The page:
This rapid expansion of the gas inside the bottle results in adiabatic cooling. Presto! You should see a wispy cloud inside the jar.
Little Heat Engines That Can
A heat engine is any device that converts internal energy into mechanical work. All heat engines – steam engines, jet engines, and internal combustion engines – extract useful energy as heat flows from a higher temperature to a lower temperature. As the second law of thermodynamics states, while it is possible to convert work completely into heat, it is not possible to convert heat completely into useful work.
You may demonstrate heat engine essentials with several simple devices. Some of these devices may be easily constructed; others may be purchased at modest cost. The devices described here may not seem like heat engines since they do not resemble the engines that power our cars, lawnmowers, or airplanes. However, analysis will show that all take in heat, convert some of this energy into mechanical work, and expel the rest.
In about 100 BC, Hero of Alexandria invented a heat engine that used steam for propulsion (see figure right). Water in the lower vessel is converting into steam. After passing through two supporting pipes, the steam is expelled through ports on opposite sides of the sphere. Unbeknownst to Hero, he had produced the first steam turbine, versions of which are still used to this day.
Make Your Own…
A very simple version of Hero’s engine may be constructed with an empty soda can and a heat source such as a Bunsen burner or a can of Sterno.
- Place an empty soda can, with its opener lever still intact, on its side. Using a nail or pin, make two holes opposite each other in the side of the can, about one half inch above the bottom. Before removing the nail or pin from each hole, bend it to the right and parallel to the rim. The slanted holes will insure that the escaping steam will leave tangentially with respect to the sides of the can.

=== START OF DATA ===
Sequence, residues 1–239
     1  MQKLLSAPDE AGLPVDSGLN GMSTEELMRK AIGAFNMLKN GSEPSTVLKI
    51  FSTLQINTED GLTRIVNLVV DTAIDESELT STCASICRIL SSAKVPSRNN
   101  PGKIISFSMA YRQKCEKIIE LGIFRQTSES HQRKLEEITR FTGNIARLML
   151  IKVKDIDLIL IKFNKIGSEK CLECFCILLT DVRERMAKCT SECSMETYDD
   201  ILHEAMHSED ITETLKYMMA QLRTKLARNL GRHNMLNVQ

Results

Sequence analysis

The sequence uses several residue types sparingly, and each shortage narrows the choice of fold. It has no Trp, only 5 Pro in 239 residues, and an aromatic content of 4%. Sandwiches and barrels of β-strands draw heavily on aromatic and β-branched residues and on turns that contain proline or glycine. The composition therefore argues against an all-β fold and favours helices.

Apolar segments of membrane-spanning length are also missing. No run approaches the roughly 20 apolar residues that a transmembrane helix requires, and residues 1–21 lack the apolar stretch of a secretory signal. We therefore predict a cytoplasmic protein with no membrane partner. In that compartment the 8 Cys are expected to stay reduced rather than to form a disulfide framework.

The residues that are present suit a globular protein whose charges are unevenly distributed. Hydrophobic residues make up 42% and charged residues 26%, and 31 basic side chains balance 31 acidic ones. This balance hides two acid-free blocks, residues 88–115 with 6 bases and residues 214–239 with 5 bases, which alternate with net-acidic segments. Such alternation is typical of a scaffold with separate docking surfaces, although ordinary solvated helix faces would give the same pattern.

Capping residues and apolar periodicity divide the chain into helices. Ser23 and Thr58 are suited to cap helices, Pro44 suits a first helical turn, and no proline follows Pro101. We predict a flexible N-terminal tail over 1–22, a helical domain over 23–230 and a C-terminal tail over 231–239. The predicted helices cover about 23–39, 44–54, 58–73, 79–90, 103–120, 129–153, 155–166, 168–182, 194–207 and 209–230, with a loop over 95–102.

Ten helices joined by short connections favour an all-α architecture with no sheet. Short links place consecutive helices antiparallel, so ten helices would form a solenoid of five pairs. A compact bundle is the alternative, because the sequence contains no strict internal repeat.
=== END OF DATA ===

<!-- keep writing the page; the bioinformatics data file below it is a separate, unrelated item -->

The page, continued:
- Bend the can’s opener lever so that it is perpendicular to the top of the can and tie a short length of fish line through the hole in the lever. After adding water so that it just covers the bottom of the can, tie the other end of the fish line to a support such as a ring stand.
- Place the bottom of the can over the heat source. When the water starts boiling, the can will begin to spin. If the fish line offers too much resistance and impedes the motion of the can, place a snap swivel, used for fishing and available in any sporting goods store, between the fish line and the opener lever.
Watch a demonstration of Hero’s engine
The Drinking Bird
The classic toy the drinking bird exemplifies a thermal engine described by the Rankine cycle. (Rankine cycles describe the operation of steam heat engines commonly found in power generation plants.) The toy consists of two hollow glass spheres connected by a hollow tube. The upper sphere, the head of the bird, is coated with felt. The bottom sphere is partially filled with a liquid, methylene chloride, which evaporates very rapidly. The tube extends into the liquid and provides a passageway between the two spheres.
The engine is set into operation by moistening the head with water. As the water evaporates, the head is cooled. The vapor pressure of the methylene chloride within the head decreases as it is cooled. The greater vapor pressure in the lower sphere pushes the liquid up the tube, thus shifting the bird’s center of gravity. Tipping downward, the bird’s felt-covered beak enters water. As the bird dunks, the head is re-moistened, the liquid returns to its tail, and the process begins again.
The Mysterious Rubber Band Heat Engine
Most materials expand when heated. Rubber, being a rather peculiar substance, contracts when heat is applied. As the figure below illustrates, this may be demonstrated by heating a rubber band that supports a mass.
Exploratorium Science Snacks http://www.exploratorium.edu/snacks/
Let’s Build a Can Stirling Engine http://www.bobblick.com/techref/projects/stirling/can/can.html
Thermodynamics: Building Simple Heat Engines http://sci-toys.com/scitoys/scitoys/thermo/thermo.html#hero
Thermodynamics Demonstrations http://buphy.bu.edu/~duffy/thermodynamics.html